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Education Lab Blog

Education Lab is a project to spark meaningful conversations about education solutions in the Pacific Northwest.

Topic: Teachers United

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January 15, 2015 at 6:39 PM

Guest: It’s time to get serious about keeping effective teachers

Nathan Gibbs-Bowling

Nathan Gibbs-Bowling

Two of the best humanities teachers I know left my district 18 months ago to teach abroad in Dubai, and now they are preparing to renew their contracts for two more years. After 10 years of teaching math, one of the best math teachers I know is seeking a teacher leadership post in another state.

Another one of my colleagues, a science teacher, recently told me about feeling exhausted and the need to leave the classroom in favor of a job in industry.

We have a looming teacher-retention crisis in Washington state and the most likely teachers to leave the career are often among our best, most impactful.

No one feels these losses more acutely than families living in poverty, for whom education is a way to the middle class. A great teacher is a powerful leader on that path.

Despite the talent drain, the public school system remains ill-prepared to attract and retain the excellent teachers that our students need, especially in high-poverty schools where turnover is even higher.

Great teachers have the ability to generate an additional five to six months of student learning in a year. A critical mass of great teachers in a building can be enough persuasion for other strong teachers to stay in the profession.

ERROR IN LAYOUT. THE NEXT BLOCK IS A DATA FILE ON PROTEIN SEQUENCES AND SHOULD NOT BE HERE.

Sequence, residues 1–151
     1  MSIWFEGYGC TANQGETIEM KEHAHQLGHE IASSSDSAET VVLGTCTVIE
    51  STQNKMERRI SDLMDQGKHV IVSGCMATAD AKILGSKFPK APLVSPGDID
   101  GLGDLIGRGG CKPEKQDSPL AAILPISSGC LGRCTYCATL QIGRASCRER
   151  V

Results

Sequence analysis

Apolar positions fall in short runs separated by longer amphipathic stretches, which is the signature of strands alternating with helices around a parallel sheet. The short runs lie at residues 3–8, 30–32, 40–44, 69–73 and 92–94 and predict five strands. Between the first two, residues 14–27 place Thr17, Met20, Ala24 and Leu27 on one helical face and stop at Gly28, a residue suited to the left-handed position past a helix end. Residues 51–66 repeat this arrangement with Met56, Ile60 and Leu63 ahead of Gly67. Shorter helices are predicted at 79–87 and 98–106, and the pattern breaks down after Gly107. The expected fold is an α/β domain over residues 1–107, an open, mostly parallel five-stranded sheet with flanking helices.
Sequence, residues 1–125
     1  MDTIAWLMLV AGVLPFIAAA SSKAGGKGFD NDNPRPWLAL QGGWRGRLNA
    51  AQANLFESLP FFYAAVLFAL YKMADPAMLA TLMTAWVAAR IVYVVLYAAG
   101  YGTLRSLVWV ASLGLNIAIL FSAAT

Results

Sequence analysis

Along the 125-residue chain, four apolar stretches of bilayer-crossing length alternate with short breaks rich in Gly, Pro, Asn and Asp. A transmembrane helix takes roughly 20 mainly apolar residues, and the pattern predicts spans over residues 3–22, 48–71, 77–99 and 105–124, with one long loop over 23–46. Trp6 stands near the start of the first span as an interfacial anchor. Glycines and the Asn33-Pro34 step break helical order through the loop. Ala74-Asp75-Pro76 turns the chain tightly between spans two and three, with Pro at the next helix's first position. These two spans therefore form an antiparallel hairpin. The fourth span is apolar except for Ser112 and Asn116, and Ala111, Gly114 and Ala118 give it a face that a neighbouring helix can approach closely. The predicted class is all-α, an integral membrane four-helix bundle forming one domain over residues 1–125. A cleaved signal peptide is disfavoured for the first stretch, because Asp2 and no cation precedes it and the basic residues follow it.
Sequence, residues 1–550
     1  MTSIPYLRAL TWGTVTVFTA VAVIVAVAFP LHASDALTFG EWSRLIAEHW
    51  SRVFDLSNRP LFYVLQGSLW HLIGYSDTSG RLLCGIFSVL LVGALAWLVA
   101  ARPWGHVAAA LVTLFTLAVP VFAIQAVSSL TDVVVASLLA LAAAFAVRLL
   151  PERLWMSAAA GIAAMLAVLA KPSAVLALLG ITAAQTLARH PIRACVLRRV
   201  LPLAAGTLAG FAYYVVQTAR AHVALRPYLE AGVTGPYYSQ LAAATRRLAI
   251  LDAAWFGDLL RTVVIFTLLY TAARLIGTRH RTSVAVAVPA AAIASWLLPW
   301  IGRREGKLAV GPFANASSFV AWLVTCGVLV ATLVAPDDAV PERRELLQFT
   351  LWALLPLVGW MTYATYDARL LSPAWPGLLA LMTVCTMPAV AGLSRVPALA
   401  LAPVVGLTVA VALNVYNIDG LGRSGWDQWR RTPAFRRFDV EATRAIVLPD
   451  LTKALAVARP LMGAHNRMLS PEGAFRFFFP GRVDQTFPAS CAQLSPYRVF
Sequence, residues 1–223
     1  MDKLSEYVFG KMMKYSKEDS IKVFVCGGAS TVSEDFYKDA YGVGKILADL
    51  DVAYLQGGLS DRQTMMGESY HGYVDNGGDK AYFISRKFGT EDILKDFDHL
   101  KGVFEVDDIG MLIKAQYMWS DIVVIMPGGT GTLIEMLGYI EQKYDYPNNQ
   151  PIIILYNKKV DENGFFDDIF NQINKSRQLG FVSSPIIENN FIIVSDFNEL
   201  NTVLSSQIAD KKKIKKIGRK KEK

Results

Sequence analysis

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Comments | More in Guest opinion, Opinion | Topics: Nathan Gibbs-Bowling, teacher retention, Teachers United

August 15, 2014 at 5:00 AM

Former teacher focused on equity mulls run for state superintendent

Despite the highly politicized climate around education, there was little such rhetoric at the first Teachers United conference on Thursday. That may surprise some — like the handful of protesters gathered outside — who view the three-year-old organization as little more than a union-busting wedge.

True, Teachers United has supported charter schools and opposed several aspects of tenure, particularly the “last in, first out” seniority-based hiring policies that are dear to labor. Yet inside the Transformative Teaching Conference at UW’s Alder Hall, educators representing nearly 30 Washington school districts were learning from one another about adolescent brain science and promising trends in education technology.

Erin Jones speaking at the Teachers United conference on Thursday. Photo courtesy Kristina McCormick/Teachers United.

Erin Jones speaking at the Teachers United conference on Thursday. Photo courtesy Kristina McCormick/Teachers United.

Keynote speaker Erin Jones, however, may be a politician-in-the-making. In her half-hour talk, Jones, 43, a former English and foreign language teacher, discussed her mission to change the way educators are trained, as well as the eye-opening experience of watching her own African-American children navigate public schools.

“I’m never going to college because college is for white people,” Jones’ 6-year-old daughter said one evening at the dinner table.

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Comments | More in News | Topics: Erin Jones, Randy Dorn, Teachers United